Published on 02/16/06

Grad shortage could hurt growing poultry industry

By Stephanie Schupska
University of Georgia

Two years ago, one University of Georgia poultry student decided to see how many job offers he could get. He still holds the record at eight.

The average UGA College of Agricultural and Environmental Sciences’ poultry science graduate can expect two to six job offers as they close in on graduation. And they get to skip the typical three-month anxiety attack that comes with a post- graduation job hunt.

While students in other majors may have to hit the pavement a little harder to find their first jobs, the poultry science department “can’t graduate enough students for the industry,” said department head Mike Lacy.

The supply and demand problem stems from the increased consumption of poultry -- and the decreased interest in agricultural-related college majors.

“More and more poultry is consumed each year,” Lacy said. “It’s convenient, it’s a high quality product, and it has good health benefits. But there’s been a drop in the number of people interested in agriculture in general. We don’t have as many people who are farmers, students whose parents are farmers.”

As the worldwide demand for poultry grows, so does Georgia’s poultry industry, which is the state’s top farm commodity. In 2005, broilers alone provided more than 40 percent of the state’s agricultural income.

“It's just a huge industry here,” said Gene Pesti, a CAES professor of poultry science and animal nutrition. “There are so many jobs for our graduates -- good jobs. And the industry is still growing.”

Industry officials are concerned that with the shortage of poultry science graduates, there will also be a shortage of adequate leadership in the poultry industry in coming years.

“I know from talking to industry colleagues that they believe that future leaders in the industry will need to have four-year degrees, be well-trained, sharp, bright and aggressive,” Lacy said. “The U.S. has historically led the world in innovations in poultry production. If we don’t have more graduates go into those jobs, I think poultry innovations in the United States will not be able to keep pace in the future.”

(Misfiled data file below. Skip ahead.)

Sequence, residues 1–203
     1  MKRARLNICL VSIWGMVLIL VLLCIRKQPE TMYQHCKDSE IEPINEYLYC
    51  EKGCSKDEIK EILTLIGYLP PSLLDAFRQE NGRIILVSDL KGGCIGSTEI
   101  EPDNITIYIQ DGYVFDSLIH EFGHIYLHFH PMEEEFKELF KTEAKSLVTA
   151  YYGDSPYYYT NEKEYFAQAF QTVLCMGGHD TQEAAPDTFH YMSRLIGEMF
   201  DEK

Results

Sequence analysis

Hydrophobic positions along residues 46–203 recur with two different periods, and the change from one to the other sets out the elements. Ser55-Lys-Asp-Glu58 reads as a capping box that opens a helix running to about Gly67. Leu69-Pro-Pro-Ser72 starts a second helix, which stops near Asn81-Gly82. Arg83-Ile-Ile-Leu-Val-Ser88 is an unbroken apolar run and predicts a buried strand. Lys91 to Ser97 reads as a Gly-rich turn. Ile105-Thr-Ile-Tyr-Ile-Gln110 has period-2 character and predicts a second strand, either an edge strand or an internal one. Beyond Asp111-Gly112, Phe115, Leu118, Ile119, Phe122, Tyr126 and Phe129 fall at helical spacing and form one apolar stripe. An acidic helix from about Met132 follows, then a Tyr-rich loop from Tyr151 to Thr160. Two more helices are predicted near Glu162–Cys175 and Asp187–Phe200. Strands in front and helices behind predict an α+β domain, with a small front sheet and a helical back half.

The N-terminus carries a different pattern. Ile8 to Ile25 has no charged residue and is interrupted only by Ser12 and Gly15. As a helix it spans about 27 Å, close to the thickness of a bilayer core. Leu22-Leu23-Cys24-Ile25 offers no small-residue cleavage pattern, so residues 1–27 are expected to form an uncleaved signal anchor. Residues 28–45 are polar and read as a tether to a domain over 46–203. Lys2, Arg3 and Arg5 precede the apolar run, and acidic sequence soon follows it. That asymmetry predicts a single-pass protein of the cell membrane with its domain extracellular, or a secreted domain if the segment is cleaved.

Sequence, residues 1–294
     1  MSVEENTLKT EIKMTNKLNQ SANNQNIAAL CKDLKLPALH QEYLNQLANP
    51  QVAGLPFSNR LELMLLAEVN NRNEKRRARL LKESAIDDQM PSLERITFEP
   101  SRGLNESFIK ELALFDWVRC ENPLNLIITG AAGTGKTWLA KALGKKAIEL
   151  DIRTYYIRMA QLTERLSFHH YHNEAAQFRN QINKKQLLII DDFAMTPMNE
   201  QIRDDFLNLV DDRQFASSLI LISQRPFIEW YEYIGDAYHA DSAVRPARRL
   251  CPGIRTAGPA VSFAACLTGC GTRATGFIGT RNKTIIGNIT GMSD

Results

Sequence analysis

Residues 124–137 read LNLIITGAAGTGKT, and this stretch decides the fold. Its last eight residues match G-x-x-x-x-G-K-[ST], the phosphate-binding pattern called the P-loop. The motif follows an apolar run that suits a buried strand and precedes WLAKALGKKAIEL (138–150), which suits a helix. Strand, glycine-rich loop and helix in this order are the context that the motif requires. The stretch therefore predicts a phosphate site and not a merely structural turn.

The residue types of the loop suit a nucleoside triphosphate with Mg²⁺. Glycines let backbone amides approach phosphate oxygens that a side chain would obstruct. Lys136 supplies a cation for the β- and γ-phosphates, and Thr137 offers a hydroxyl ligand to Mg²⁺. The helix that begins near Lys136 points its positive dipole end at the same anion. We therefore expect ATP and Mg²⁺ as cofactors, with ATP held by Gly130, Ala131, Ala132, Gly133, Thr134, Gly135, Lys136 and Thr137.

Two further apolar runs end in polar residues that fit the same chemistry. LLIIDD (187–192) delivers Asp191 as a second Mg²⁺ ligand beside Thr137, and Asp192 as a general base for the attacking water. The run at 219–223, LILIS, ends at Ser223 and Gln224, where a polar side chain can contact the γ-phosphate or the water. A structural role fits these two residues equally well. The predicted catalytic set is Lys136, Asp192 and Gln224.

“We have big exports, lots of money coming into the state,” Pesti said. “It’s not uncommon at all for the breast meat we produce to be consumed in Minnesota, the legs to be eaten in Russia and the feet to be shipped to Hong Kong and China.”

It’s not uncommon for UGA graduates to be shipped to those places either.

“Poultry is pretty much accepted as a good, desirable food worldwide, regardless of cultural differences,” Lacy said. “It’s a global food product. There’s a demand for our students in the state of Georgia, the U.S. and internationally. We’ve sent graduates to virtually every continent. If you want to see the world, you can do it without having to join the Navy.”

The poultry science department, which offers majors in poultry science and avian biology, doesn’t “train people to be chicken farmers,” he said. “We train live production specialists, processing plant managers, breeding program supervisors, pharmaceutical researchers, vaccine producers, salespeople, quality control specialists, research assistants and technicians for the USDA.”

Even with an average starting salary of $35,000 and potential for rapid advancement, there aren’t enough students to fill poultry science-related jobs. Currently, 23 UGA students hold seats as poultry science majors. Avian biology has 17. About 300 students nationwide are studying to be poultry scientists, and only six universities – UGA, Arkansas, Auburn, Mississippi State, North Carolina State and Texas A&M – still offer a poultry science degree. There used to be 40 schools with such programs.

“There are jobs now that seem to be the hot jobs – journalism, business, law, medicine," Lacy said. "Somehow we’ve got to get poultry science into that hot job category. It’s a great field to be in if you’re interested in biology and animals and want to do something that will benefit people.”

Stephanie Schupska is the communications coordinator with the University of Georgia Honors College.